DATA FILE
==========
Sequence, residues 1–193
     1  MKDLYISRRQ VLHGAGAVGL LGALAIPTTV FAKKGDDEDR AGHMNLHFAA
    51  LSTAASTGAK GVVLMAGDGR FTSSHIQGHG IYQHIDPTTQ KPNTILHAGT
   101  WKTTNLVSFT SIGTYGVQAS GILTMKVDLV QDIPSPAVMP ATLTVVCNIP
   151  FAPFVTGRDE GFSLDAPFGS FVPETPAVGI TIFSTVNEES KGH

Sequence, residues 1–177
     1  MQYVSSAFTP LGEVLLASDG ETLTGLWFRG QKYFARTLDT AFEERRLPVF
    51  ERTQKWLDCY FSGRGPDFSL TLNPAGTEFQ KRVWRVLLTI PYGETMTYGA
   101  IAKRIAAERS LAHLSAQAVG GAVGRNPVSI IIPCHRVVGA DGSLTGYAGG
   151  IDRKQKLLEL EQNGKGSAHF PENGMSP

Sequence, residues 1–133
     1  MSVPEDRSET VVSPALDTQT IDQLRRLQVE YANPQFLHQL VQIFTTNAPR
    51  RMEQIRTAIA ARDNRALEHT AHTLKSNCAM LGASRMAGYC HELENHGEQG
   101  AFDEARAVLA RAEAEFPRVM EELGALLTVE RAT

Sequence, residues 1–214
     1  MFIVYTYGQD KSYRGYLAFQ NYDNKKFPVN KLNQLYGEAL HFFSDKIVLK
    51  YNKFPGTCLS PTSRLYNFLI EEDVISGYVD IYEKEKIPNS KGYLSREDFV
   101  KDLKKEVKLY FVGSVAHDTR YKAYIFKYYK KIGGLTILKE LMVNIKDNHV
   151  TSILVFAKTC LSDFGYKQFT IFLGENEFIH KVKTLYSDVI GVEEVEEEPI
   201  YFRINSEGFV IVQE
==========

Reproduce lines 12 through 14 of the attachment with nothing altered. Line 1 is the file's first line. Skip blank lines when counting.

     1  MSVPEDRSET VVSPALDTQT IDQLRRLQVE YANPQFLHQL VQIFTTNAPR
    51  RMEQIRTAIA ARDNRALEHT AHTLKSNCAM LGASRMAGYC HELENHGEQG
   101  AFDEARAVLA RAEAEFPRVM EELGALLTVE RAT